TEACHERS at St. Gregory’s Catholic School will be holding a ballot on taking strike action this week following an assault ‘of a serious nature’ on a member of staff by a pupil.
Members of the NUT believe the pupil in question should be expelled and accuse the school of ‘failing its duty’ to protect staff.
The mixed school on Reynolds Lane, Tunbridge Wells, is responsible for the education of more than 1,000 pupils aged between 11 and 18 and is rated ‘outstanding’ in its latest Ofsted report. It is also part of a multi-academy trust, the Kent Catholic Schools Partnership (KCSP).
Details of the incident and the age of the pupil have not been disclosed, and there is a discrepancy as to when the incident took place, with the union claiming it occurred ‘two weeks ago’, while the school states it was December 16.
In addition to balloting for a formal strike, the union is also set to hold a ‘formal and lawful’ ballot on a refusal to teach the individual pupil in question. The West Kent NUT say they have contacted their National Executive Committee, the union’s overall governing body, about proceeding with the ballots ‘in the absence of an assurance from the school and KCSP.’
In a statement released yesterday (Tuesday) to the Times the union said it will also be holding a meeting this week with the KCSP in order to seek a resolution to the matter.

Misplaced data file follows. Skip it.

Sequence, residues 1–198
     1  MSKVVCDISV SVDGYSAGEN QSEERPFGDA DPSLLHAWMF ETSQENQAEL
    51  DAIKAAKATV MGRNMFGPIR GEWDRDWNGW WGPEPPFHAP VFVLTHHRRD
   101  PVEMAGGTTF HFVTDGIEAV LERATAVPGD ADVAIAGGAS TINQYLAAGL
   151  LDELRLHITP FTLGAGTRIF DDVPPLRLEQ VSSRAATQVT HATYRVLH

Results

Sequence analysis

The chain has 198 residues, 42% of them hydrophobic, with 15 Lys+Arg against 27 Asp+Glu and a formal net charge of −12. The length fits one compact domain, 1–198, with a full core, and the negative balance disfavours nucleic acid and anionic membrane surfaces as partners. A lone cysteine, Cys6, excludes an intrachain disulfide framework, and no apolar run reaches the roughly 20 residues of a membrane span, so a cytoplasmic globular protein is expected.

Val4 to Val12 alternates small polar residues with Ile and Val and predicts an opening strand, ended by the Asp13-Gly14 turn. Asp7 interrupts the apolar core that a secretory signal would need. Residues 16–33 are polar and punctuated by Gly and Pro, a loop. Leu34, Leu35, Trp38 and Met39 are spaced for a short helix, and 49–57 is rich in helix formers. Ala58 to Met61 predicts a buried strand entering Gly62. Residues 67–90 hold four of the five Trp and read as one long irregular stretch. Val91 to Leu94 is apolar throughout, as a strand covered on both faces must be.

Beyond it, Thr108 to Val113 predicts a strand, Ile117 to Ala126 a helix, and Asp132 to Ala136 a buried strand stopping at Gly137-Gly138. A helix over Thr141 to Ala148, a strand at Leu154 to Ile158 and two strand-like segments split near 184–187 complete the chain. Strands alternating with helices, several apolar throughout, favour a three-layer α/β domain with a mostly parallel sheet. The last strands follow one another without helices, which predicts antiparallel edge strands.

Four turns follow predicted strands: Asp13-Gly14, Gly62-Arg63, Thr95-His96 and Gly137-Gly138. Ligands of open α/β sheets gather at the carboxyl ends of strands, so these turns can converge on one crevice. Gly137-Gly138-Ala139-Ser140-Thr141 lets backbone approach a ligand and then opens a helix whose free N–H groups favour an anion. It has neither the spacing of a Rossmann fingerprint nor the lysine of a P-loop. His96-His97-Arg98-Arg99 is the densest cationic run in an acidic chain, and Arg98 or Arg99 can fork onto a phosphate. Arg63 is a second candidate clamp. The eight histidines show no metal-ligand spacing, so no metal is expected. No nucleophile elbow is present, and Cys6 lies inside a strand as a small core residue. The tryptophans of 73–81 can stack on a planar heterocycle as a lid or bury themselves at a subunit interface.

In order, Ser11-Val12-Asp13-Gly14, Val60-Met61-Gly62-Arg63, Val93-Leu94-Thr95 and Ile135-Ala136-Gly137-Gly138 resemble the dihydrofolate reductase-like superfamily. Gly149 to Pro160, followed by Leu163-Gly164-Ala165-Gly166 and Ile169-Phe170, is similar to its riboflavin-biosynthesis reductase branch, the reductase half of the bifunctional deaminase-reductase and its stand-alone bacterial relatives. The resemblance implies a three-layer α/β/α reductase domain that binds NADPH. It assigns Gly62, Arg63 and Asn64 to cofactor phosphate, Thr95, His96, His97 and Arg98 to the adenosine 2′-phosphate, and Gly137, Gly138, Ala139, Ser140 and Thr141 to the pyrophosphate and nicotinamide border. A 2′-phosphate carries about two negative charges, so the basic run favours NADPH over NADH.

A spokesman added: “The NUT are extremely concerned that the school and academy trust are failing to protect teachers and children from the student in question by allowing them to remain in school.
“Physical assaults against teachers and children are not acceptable and our members and pupils have a right to feel safe in school. By failing to remove the student from the School, the employer is failing in its duty to uphold proper standards of behaviour and the safety of staff and other students.”
He added the union hopes industrial action can be avoided and if it goes ahead it will only affect the teaching at St. Gregory’s Catholic School and not be backed up with action elsewhere.
However, the school played down the seriousness of the incident in question and saying it was the result of pre-Christmas ‘high spirits’.
A spokesman said: “An incident was reported on 16 December when some students were in high spirits looking forward to the Christmas holiday.
“This has since been investigated and the school’s behaviour policy and exclusion procedures have been followed. We are mindful of our responsibility to continue to provide education for the student involved and we are considering a variety of options available that best supports the student and our staff.”
There are five different unions representing staff at the school. Of these 24 staff members are associated with the NUT at the school, while a further 22 are affiliated with the NASUWT teacher’s union. There is no suggestion other unions will be taking part.